BIRMINGHAM, Ala. -- A 15-year-old high school student who jumped to her death from an interstate overpass complained of bullying at school and never got over the death of her sister in a freak accident, factors the coroner said Thursday likely played a role in her suicide.
Chilton County Coroner Randall Yeargan said Alex Moore of Jemison left her rural home early Wednesday and walked to an overpass above Interstate 65. Several drivers on the highway saw her plunge, Yeargan said.
The death was ruled a suicide, Yeargan said, and investigators are trying to determine how much of a role bullying played. The teen's father said the girl expressed anger and grief over her sister's death in a suicide note, but did not mention bullying.
The coroner said Moore clearly was having a hard time at Jemison High School, located in a farming community in central Alabama about 40 miles south of Birmingham.
"The word we're getting is that she had been harassed or bullied by other kids. You know, kids are cruel. She wasn't in the 'in' crowd," he said. "And, she was having considerable problems with the loss of her sister. That may have played as much a role in it as the bullying."
The teen's father, Jim Moore, said in an interview with The Associated Press that relatives didn't know the extent of the bullying and teasing Alex had endured until after messages from classmates began appearing on Facebook pages following her death. She talked of teasing, bullying on the school bus and some boys "messing with her stuff" recently, he said, but it didn't seem to be a major problem.
"She was a good kid, a Christian girl. She loved animals," he said. "(But) she was overweight, she didn't have a lot of friends and wasn't in the 'in' clique."
The Chilton County school superintendent's office referred questions to Jemison High School Principal Alan Thompson, who didn't immediately return a message seeking comment.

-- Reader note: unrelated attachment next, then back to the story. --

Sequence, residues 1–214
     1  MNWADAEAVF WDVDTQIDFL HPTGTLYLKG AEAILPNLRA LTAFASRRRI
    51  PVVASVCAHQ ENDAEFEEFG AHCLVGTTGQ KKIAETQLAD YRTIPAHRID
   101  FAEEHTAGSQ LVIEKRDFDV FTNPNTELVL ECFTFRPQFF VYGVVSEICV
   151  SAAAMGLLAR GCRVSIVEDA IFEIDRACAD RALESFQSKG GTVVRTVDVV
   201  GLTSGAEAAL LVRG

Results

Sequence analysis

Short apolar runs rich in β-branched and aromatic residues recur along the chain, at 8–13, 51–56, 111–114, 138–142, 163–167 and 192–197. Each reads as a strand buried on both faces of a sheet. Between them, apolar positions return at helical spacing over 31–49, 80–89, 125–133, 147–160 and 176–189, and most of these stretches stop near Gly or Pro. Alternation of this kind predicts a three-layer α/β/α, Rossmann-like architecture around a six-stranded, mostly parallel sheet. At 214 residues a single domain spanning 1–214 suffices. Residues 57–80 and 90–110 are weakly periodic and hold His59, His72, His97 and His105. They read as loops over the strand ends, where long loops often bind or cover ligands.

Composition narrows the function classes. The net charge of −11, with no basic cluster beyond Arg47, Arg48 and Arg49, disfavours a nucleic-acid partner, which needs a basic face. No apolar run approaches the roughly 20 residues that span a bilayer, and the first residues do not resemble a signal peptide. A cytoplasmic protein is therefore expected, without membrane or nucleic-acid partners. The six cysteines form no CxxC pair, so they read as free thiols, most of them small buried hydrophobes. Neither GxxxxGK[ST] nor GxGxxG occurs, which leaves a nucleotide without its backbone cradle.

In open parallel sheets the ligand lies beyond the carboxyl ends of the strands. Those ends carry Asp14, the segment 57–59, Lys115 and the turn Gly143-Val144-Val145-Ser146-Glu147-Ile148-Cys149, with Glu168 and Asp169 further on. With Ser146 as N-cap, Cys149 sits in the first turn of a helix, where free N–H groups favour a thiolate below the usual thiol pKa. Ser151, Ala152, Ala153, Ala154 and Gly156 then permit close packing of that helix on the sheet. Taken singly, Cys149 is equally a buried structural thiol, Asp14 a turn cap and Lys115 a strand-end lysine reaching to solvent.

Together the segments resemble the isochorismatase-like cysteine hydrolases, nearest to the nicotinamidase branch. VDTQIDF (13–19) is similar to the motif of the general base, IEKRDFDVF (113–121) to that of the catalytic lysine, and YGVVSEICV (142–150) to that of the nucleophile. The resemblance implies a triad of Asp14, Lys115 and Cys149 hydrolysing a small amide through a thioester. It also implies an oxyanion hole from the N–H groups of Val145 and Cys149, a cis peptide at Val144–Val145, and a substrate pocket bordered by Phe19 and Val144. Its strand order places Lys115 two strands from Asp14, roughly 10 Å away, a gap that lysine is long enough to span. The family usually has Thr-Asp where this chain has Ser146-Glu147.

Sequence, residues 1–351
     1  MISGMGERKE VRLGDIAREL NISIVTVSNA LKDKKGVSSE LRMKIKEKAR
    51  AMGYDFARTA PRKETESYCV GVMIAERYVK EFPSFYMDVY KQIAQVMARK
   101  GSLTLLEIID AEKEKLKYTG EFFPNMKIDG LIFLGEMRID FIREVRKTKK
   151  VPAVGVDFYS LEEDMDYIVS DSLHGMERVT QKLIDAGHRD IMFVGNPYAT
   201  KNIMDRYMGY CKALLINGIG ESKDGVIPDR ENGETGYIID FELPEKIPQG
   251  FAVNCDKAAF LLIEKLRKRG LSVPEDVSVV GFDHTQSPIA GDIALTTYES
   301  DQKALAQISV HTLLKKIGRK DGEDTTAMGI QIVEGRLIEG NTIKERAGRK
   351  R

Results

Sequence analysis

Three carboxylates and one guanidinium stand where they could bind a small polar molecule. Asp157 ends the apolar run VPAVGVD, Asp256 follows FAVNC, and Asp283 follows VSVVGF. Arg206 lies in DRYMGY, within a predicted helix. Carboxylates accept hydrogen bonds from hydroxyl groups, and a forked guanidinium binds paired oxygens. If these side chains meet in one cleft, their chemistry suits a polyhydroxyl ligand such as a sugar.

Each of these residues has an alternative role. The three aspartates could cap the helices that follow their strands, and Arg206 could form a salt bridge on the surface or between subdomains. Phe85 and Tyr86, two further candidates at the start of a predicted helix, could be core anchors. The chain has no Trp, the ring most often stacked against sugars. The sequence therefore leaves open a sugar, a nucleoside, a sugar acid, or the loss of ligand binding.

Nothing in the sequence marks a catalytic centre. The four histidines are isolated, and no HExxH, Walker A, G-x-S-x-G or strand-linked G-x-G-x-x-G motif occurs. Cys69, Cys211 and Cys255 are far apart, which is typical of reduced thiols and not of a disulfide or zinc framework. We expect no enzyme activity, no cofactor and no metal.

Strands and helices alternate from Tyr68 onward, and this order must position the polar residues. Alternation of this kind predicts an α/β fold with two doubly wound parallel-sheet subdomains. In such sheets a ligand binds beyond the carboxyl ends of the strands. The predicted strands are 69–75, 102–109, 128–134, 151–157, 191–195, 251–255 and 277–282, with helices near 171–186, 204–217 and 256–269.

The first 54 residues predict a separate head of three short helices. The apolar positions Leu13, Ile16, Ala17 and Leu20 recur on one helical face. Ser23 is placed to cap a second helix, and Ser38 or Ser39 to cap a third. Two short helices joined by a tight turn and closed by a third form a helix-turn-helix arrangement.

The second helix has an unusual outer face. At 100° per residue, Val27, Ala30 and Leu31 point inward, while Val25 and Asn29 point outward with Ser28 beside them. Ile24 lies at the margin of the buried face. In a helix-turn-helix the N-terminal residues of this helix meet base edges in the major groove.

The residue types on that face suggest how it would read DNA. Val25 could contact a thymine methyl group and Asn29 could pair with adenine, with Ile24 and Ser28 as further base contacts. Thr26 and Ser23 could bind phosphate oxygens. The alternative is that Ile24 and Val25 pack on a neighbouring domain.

Jim Moore said Alex's older sister, 25-year-old Lesley Anne Moore, died about two years ago after stepping into live electrical wires that had been knocked down in an automobile accident. Alex believed the driver should have been held accountable and was upset when he wasn't, Moore said.
Because of that experience, Alex didn't trust authorities and may not have been willing to tell administrators about bullying at school, Moore said. She complained to an assistant principal recently about harassment from male students, he said, but she let the matter drop after an administrator talked to the youths.
"She told her to come back to her if it happened again, and she never did," Moore said.
Moore said neither he nor Alex's mother realized what was happening at school until classmates and friends created Facebook postings and groups talking about all the bullying and harassment she endured. In some postings, students apologize for being mean to her.
One student began a group that said the teen "was made fun of daily."
In describing the group, the student forming it said, "Heartless people, our peers, teased her because she was not up to their standards. Well, not a lot of people are."
School bullying has gained new attention after two students in Massachusetts hanged themselves separately in recent months after suffering repeated harassment from classmates. In one of the cases, six students are criminally charged in connection with the student's death. A new Massachusetts law enacted last week bans bullying on school property and cyberbullying.